In Brief: Retiring @email.arizona.edu, Conversation articles take on water and space
Take the weekend off! That's the message from University Information Technology Services, as campus systems are expected to experience disruptions from 6 p.m. Friday, July 8, through 7 p.m. Sunday, July 10.
"We know there will be some pain points associated with system slowdowns and our request to stay out of University systems as much as possible," said Darcy Van Patten, chief technology officer for the University. "We chose this specific weekend because it represents one of the lowest levels of instructional activity during the year and occurs at a time when our vendor partners have capacity to support us."
One outcome of this interruption to system access is that on July 11, University services that ask for email addresses during the login process will use @arizona.edu addresses instead of @email.arizona.edu. These include the University accounts for Microsoft Office, Google and Adobe.
Some employees may have used their @email.arizona.edu address as a username or contact to sign up for third-party services that don't use the University's single sign-on process. Those will not change, but those who wish to update them to @arizona.edu can contact the vendor. Messages sent to @email.arizona.edu addresses will continue to be received.
UITS will also change student email – called CatMail – to send from students' email@example.com addresses. Students will still receive email that is sent to their @email.arizona.edu address.
The @arizona.edu domain will be used for all the University Google accounts. Those who use their University @email.arizona.edu address to log into online services via Google should use @arizona going forward.
"It's taken several years of collaboration with the Office of the General Counsel, Marketing and Brand Management, the Division of Human Resources and Faculty Affairs to accomplish a variety of objectives with our email system and best practices," Van Patten said. "We are excited to have all University emails and logins under the @arizona domain for a simplified user experience for the campus community."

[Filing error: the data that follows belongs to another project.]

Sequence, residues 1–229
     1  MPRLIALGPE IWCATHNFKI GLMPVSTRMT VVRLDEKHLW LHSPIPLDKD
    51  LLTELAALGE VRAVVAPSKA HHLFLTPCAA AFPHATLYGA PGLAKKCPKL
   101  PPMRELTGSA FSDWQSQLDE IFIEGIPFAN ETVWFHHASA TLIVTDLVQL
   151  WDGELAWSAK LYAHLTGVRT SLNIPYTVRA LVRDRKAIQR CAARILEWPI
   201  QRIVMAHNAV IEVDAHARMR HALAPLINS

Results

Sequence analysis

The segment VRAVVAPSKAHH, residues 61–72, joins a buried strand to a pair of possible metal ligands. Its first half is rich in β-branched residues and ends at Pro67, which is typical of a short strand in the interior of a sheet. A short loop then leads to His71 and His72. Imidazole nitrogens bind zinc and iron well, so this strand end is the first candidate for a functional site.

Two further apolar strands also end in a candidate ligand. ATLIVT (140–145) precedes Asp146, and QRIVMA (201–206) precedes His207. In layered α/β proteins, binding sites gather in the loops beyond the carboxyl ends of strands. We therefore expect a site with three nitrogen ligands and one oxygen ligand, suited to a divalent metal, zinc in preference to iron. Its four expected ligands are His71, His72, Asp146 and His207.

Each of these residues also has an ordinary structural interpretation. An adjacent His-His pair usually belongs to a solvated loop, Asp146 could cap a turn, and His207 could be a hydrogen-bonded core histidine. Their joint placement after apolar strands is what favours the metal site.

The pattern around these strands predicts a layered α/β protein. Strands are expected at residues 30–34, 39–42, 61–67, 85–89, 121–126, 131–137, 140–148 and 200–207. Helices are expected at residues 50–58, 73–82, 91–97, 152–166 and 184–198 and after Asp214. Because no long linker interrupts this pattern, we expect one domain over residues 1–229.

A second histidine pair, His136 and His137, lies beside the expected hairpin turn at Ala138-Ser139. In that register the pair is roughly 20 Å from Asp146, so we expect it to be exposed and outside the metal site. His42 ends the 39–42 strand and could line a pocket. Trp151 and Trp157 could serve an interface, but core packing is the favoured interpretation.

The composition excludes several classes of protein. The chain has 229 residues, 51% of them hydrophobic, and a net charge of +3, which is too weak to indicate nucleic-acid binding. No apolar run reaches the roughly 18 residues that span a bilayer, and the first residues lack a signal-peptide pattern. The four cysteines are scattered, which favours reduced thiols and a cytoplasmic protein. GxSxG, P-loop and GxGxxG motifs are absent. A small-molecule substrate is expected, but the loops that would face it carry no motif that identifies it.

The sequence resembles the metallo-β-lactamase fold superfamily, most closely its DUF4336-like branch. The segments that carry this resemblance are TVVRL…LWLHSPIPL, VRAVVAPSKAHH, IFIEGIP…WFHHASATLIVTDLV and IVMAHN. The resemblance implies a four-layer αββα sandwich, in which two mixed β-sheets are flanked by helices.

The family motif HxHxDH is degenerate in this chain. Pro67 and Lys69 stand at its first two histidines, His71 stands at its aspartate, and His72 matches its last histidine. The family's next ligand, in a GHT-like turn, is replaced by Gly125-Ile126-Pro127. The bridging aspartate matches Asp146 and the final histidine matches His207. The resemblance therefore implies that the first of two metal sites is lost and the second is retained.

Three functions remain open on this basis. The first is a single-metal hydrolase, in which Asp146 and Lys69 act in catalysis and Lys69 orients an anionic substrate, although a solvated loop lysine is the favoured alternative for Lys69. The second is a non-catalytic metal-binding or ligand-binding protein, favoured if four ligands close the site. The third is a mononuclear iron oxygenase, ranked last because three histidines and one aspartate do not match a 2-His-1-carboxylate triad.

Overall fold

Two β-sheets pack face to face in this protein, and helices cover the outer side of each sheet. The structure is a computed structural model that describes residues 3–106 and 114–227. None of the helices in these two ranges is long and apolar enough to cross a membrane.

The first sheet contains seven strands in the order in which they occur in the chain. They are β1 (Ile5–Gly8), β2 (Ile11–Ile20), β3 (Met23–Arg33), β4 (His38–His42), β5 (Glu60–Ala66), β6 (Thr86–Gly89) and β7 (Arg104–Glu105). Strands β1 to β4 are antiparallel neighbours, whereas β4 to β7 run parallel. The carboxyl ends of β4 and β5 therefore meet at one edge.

Regents professors take on pictures from space and the water crisis in articles on The Conversation in June
Each month, faculty members and researchers from across the University share their expertise on The Conversation, an independent, not-for-profit news source committed to communicating the work of scholars. The Conversation makes all of its articles available at no charge to any news organization that wants to republish them. In addition, The Associated Press distributes The Conversation articles to newsrooms across the United States.
To recognize University of Arizona scholars who are contributing to The Conversation's goal of informing public debate "with knowledge-based journalism that is responsible, ethical and supported by evidence," the Office of University Communications regularly posts links to the articles that have been published on The Conversation.
A list of the articles published in June is below.
June 13, 2022
Alcohol is becoming more common in sexual assault among college students
An increasing number of college students say they were victims or perpetrators of sexual assault – and that victims were drunk when the assault took place. Are campus drinking environments to blame?
Koss recently discussed her research on "This American Life," a public radio program and podcast.
Mary P. Koss
Regents Professor, Department of Health Promotion Sciences, Mel and Enid Zuckerman College of Public Health
June 15, 2022
The James Webb Space Telescope is finally ready to do science – and it's seeing the universe more clearly than even its own engineers hoped for
It has taken eight months to test and calibrate all of the instruments and modes of the James Webb Space Telescope. A scientist on the team explains what it took to get Webb up and running.
Regents Professor, Department of Astronomy, College of Science
June 30, 2022
A water strategy for the parched West: Have cities pay farmers to install more efficient irrigation systems
Stemming the water crisis in the western U.S. will require cities and rural areas to work together to make water use on farms – the largest source of demand – more efficient.
Regents Professor Emeritus and Morris K. Udall Professor, James E. Rogers College of Law
Read previous articles published on The Conversation:
- May 2022
- April 2022
- March 2022
- February 2022
- January 2022
- December 2021
- November 2021
- October 2021
- September 2021
- August 2021
- July 2021
Interested in submitting an article? Go to the sign up link on The Conversation website to create a username and password. Do a keyword search to see what has been written on the topic you have in mind. Fill out the online pitch form. (Scholars who would like to talk through an idea before submitting a pitch can send an email to firstname.lastname@example.org.)